It began with His birth. A young girl not yet betrothed is “with child.” We know that it was by the Holy Spirit, but the neighbors did not. Later, we see Mary and Joseph—strangers in Bethlehem—herded there like cattle to pay homage and duty to the throne of Rome. There lies the Infant Jesus—born in a stable, laid in a manger. No earthly king was this humble man.
For most of his adult years he worked with his hands as a carpenter. He was thirty years old before he began his public ministry. And immediately he was rejected by his own townspeople. He was ridiculed by the religious establishment. He was persecuted by both civil and synagogue authorities. And then to put an exclamation point on his rejection, at the end of his life he was scourged by soldiers and finally hung on a cross between two thieves where he died.
Even one of the thieves heaped scorn upon him. “Aren’t you the Messiah? Save yourself and us!” he cried (Luke 23:39). Christ experienced all the scorn and the abuse that goes with being a member of the lower rung of society . . . and here is the glory of it all . . . it was all for you and for me.
In Christ we see a love that is always reaching out to the least and the lowest. Jesus’ actions on the cross were consistent with His entire life and ministry. He had taught, “Love those who persecute you . . .” and on the cross He prays for those who put Him there, Father, forgive them for they know not what they are doing.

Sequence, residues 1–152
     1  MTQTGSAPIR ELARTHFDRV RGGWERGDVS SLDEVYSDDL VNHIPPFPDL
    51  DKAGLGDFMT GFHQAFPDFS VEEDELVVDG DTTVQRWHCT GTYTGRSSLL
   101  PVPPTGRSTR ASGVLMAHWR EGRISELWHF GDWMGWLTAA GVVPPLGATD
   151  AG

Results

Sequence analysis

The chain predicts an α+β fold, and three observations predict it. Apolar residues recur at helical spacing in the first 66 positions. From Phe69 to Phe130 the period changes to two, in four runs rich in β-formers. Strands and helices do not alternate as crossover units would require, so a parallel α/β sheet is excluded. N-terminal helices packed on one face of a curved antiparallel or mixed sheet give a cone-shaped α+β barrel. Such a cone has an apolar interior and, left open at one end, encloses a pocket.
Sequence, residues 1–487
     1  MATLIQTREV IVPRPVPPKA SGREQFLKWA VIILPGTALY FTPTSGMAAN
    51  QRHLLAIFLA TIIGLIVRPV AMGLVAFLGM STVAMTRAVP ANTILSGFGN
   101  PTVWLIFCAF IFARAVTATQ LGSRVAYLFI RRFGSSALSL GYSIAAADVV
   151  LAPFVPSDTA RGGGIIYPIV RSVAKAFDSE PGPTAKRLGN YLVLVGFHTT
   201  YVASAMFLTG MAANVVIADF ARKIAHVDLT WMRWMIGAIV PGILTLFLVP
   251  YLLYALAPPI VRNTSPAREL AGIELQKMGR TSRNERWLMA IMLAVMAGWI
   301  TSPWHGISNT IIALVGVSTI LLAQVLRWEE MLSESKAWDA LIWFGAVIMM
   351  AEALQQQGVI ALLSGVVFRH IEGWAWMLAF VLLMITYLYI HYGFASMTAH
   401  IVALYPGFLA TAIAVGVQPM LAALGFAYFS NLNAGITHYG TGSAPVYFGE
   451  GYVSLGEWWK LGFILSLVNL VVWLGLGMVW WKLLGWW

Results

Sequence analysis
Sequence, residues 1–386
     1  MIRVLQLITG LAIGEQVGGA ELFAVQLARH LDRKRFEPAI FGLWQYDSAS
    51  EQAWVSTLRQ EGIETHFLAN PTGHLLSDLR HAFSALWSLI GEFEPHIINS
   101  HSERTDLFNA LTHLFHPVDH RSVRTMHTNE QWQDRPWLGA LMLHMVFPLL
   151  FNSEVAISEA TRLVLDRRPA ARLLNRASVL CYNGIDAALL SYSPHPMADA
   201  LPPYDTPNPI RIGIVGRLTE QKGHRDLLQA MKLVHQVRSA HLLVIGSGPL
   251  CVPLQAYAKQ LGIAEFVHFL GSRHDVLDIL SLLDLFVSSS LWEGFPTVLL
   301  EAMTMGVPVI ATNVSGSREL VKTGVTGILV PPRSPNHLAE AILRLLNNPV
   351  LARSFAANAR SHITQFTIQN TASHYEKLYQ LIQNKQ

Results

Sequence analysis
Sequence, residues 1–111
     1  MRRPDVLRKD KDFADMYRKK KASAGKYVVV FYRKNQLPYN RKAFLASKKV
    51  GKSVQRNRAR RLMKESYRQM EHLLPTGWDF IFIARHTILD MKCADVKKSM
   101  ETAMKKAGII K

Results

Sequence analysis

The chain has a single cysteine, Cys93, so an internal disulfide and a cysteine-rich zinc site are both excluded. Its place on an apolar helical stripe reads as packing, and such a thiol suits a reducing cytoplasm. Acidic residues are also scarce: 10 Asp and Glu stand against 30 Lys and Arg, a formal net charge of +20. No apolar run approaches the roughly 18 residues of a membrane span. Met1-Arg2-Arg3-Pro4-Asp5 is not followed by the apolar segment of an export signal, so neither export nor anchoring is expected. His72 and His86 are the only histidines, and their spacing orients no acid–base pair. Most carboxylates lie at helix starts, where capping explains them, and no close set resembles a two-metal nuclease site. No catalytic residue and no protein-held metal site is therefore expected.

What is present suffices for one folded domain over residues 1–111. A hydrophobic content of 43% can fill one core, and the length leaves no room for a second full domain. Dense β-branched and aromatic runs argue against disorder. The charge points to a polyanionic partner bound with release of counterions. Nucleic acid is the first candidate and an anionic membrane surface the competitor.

When one of the thieves says to him, Jesus, remember me when you come into your kingdom. Jesus answers him, Truly I tell you, today you will be with Me in paradise. His whole life was testimony to a love that reaches to the least and the lowest. How the world needs that kind of love today! Jesus entire life was one of demonstrating unending love to the least and the lowest. His was a love forever reaching out. But one more thing. His was a light that has for all time overcome the darkness.
Darkness and light are favorite images in the Scriptures, as you know. When Jesus was crucified, there was darkness over all the earth until the ninth hour. The imagery is clear. Jesus is the light of the world and that light was being snuffed out. Not forever, of course. Or our lives would be forever hopeless.